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A Young Man Pays a Visit to New York
New York Times
There have long been calls to bring fresh blood into the ranks of orchestra conductors. Changes are finally happening. Alan Gilbert, 41, will become the music director of the New York Philharmonic in 2009, the same season that Gustavo Dudamel, 27, takes charge at the Los Angeles Philharmonic.
Now comes Lionel Bringuier, the fast-rising French conductor, all of 21, an assistant to Esa-Pekka Salonen at the Los Angeles Philharmonic and the chief associate conductor at the Orchestre de Bretagne in France. Mr. Bringuier made a good first impression in his New York debut on Tuesday night, conducting the Mostly Mozart Festival Orchestra at Avery Fisher Hall.
He began his training as a cellist at the music academy in Nice, his hometown. Later, during his conservatory years in Paris, he also studied piano, choral singing and jazz. His conducting career took off when he won a competition in Besançon three years ago.
Mr. Bringuier drew lively playing from the Mostly Mozart orchestra, though with its demanding schedule the festival does not allow guest conductors much opportunity to show what they can really do.
The program began with Mozart's overture to "Le Nozze di Figaro," a piece the players could surely perform from memory. Still, Mr. Bringuier led a nice account, brisk but not rushed, with just enough space for fleeting lyrical moments to breathe. He did not seize on this staple to prove anything. Instead he seemed content simply to conduct the music with vitality and grace.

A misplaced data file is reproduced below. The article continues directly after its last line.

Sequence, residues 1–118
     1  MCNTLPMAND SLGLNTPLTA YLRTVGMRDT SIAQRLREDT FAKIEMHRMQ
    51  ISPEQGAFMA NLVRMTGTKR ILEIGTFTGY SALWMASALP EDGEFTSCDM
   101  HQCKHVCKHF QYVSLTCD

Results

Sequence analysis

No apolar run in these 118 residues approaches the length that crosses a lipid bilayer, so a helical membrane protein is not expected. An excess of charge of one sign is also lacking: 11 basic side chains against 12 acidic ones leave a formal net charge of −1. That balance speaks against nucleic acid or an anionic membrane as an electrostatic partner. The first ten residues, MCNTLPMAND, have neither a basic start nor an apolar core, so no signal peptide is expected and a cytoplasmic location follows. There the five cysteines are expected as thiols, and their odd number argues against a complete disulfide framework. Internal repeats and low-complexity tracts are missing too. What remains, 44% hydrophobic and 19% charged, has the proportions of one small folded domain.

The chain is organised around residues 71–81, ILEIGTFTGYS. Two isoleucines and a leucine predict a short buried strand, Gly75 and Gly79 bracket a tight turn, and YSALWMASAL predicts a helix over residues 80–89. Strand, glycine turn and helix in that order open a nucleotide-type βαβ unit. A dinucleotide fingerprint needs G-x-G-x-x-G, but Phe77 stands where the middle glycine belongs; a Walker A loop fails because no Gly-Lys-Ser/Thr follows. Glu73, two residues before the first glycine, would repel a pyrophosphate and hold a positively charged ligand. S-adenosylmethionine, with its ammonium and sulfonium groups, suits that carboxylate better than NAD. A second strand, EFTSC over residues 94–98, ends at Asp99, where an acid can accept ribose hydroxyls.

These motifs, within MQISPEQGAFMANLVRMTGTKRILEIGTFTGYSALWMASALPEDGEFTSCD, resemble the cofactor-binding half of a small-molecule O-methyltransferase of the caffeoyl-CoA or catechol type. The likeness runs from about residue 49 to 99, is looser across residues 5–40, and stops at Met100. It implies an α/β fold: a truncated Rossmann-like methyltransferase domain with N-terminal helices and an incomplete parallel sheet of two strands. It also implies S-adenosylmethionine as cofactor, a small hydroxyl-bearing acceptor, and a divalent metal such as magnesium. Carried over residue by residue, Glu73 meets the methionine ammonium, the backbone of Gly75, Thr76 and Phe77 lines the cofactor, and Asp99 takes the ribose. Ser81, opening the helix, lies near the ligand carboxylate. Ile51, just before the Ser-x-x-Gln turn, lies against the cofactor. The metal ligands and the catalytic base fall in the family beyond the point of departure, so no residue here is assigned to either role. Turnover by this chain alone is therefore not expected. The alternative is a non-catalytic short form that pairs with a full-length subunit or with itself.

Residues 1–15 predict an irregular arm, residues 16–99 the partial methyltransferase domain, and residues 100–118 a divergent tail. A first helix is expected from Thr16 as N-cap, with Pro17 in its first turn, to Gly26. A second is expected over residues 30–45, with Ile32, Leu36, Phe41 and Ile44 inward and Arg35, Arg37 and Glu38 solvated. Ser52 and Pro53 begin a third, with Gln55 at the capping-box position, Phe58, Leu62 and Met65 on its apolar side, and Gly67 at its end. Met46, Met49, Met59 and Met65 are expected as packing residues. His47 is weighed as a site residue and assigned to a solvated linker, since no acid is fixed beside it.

Mozart's mighty Piano Concerto No. 25 in C presented another level of challenge for Mr. Bringuier. He was fortunate to have the fine pianist Garrick Ohlsson, a clear-thinking, collegial and inventive musician, as a partner here. As they walked out together, the tall, broad-shouldered Mr. Ohlsson towered over the slight and studious-looking Mr. Bringuier. If the young conductor was at all nervous about his New York debut, meeting Mr. Ohlsson during rehearsals must have been like encountering a friendly giant at the intimidating Lincoln Center.
Overall the performance was terrific, though the playing in the opening orchestral exposition was a little tentative. The first phrases of the piece come in a series of short, rhythmically clipped and magisterial phrases, and the execution was not quite solid.
But soon the conductor and orchestra settled into a groove, and once the piano part began, Mr. Ohlsson centered the performance, playing with his customary clarity, command and wit. He and Mr. Bringuier brought elegance to the beguiling slow movement and zipped through the sprightly finale with zest and humor that still allowed for lyrical turns of phrase in dreamy passages.
After intermission Mr. Bringuier conducted an energetic account of Beethoven's Fourth Symphony. The first movement was especially strong. Through self-restraint, Mr. Bringuier conveyed the "what's going on here?" suspense of the Adagio introduction, before segueing deftly into the bumptious Allegro .
Mr. Bringuier makes his New York Philharmonic debut this coming season. And given the enthusiastic ovation he received for this debut, he will no doubt be back for the Mostly Mozart Festival.